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Eklund Lecture: Surface sensitive quantum interference in mesoscopic Bi2Se3

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Abhinav Kandala, Pennsylvania State University
20 March 2014 from 4:00 PM to 5:00 PM
117 Osmond Laboratory
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Studies of the quantum interference of electrons in condensed matter physics have typically used exquisite nanoscale patterning to steer electron waves. However, material systems with a self-organized structure of electron scattering centers could also provide a novel and unique platform for such studies. A promising candidate material is Bi2Se3 - a popular thermoelectric of the Bi chalcogenide family and a narrow band-gap semiconductor, which displays a correlated surface structure of nanoscale triangular terraces when grown by molecular beam epitaxy. In this context, we study magneto-transport in mesoscopic channels patterned “top-down” from epitaxial thin films of Bi2Se3. Our measurements on diffusive, straight channel devices reveal periodic conductance fluctuations seen previously only in explicitly patterned Aharanov-Bohm rings, and ballistic nanostructures.  By employing atomic force microscopy, we show that the characteristic area derived from the periodic fluctuations compares well with the typical terrace size at the surface. This suggests that scattering off the step edges creates dominant Aharonov-Bohm electronic orbits in the triangular terraces. Furthermore, the Bi chalcogenides have also attracted great attention as candidate topological insulators. I shall present our experiments with quantum interference as we magnetically dope and access the topological surface states in these systems.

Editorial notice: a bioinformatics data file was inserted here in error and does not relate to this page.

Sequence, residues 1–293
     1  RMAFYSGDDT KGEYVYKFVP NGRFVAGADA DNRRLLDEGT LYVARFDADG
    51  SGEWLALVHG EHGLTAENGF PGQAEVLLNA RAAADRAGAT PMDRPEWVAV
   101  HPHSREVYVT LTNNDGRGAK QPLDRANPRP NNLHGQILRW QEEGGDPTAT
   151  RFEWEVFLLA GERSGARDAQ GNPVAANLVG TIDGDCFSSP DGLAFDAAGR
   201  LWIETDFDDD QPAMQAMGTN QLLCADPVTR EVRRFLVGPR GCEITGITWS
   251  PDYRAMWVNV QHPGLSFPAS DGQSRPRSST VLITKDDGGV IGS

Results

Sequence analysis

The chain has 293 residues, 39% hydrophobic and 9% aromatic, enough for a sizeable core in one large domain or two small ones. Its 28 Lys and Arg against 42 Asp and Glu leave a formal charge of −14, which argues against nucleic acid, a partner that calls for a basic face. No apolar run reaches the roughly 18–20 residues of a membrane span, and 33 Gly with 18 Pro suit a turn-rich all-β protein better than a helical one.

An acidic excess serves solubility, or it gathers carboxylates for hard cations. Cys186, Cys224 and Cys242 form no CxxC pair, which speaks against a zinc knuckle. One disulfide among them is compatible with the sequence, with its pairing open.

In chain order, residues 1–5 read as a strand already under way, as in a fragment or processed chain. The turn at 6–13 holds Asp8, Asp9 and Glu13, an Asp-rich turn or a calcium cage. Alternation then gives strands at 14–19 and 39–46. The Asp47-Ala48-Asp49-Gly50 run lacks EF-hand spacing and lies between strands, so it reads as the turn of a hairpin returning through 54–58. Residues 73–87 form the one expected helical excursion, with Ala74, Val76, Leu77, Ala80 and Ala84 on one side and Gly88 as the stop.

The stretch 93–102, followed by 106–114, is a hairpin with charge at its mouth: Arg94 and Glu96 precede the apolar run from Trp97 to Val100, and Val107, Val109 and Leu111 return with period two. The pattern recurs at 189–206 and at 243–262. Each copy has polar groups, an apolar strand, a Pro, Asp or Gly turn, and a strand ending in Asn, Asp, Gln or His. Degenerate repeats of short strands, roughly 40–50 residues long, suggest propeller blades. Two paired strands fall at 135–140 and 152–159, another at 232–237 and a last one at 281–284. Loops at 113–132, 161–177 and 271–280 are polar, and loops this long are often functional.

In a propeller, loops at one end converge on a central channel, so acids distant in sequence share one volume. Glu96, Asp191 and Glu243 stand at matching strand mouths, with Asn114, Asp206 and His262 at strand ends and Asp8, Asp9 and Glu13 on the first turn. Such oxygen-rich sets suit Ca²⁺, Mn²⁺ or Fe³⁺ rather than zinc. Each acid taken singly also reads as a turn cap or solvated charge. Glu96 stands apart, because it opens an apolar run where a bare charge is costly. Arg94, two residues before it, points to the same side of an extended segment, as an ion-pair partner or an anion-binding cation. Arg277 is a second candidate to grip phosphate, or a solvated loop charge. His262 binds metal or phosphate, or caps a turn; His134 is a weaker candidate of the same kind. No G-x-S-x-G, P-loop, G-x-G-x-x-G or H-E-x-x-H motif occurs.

[1] A. Kandala, A. Richardella, D. M. Zhang, T. Flanagan and N. Samarth, Nano Letters 13, 2471(2013).